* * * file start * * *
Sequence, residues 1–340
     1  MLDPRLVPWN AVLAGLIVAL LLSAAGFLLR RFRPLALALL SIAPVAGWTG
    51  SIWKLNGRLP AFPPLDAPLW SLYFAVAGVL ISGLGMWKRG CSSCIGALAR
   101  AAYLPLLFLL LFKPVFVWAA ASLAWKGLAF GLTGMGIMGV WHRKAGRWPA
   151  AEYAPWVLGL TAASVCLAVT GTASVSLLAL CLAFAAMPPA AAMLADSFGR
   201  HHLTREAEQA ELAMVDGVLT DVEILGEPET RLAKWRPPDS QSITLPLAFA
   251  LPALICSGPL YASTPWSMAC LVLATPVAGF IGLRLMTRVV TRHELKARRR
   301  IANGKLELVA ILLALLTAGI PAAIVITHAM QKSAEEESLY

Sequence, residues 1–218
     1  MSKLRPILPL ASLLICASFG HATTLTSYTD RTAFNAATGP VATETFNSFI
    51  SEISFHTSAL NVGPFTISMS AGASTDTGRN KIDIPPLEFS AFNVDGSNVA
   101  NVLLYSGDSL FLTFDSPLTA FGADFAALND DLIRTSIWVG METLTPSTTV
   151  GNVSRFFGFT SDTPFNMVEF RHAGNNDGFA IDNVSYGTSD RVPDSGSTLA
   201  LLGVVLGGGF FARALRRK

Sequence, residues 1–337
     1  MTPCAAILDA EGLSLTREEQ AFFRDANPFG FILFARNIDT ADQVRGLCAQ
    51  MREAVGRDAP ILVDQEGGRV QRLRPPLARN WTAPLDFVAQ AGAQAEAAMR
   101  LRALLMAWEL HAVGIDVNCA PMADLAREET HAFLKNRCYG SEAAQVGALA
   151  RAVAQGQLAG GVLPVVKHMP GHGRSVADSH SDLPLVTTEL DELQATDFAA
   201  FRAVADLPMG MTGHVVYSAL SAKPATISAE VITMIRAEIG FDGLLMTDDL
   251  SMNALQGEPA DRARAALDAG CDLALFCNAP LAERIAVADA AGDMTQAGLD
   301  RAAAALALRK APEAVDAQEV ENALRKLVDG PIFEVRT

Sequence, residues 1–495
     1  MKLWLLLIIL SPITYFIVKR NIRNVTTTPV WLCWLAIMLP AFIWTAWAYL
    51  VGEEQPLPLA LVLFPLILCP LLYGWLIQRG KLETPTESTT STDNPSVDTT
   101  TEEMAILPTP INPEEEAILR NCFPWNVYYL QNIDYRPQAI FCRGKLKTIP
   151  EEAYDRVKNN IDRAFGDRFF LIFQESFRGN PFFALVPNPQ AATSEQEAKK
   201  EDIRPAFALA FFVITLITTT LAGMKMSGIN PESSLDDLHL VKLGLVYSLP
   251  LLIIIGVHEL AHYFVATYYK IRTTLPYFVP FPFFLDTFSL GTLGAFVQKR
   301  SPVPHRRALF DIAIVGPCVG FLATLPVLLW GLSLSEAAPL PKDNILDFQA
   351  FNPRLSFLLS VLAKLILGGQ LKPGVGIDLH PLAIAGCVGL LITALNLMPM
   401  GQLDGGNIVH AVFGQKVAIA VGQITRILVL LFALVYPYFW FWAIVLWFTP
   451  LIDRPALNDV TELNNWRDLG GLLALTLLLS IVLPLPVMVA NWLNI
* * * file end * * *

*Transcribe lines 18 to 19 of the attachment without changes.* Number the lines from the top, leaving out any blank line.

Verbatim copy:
   101  LRALLMAWEL HAVGIDVNCA PMADLAREET HAFLKNRCYG SEAAQVGALA
   151  RAVAQGQLAG GVLPVVKHMP GHGRSVADSH SDLPLVTTEL DELQATDFAA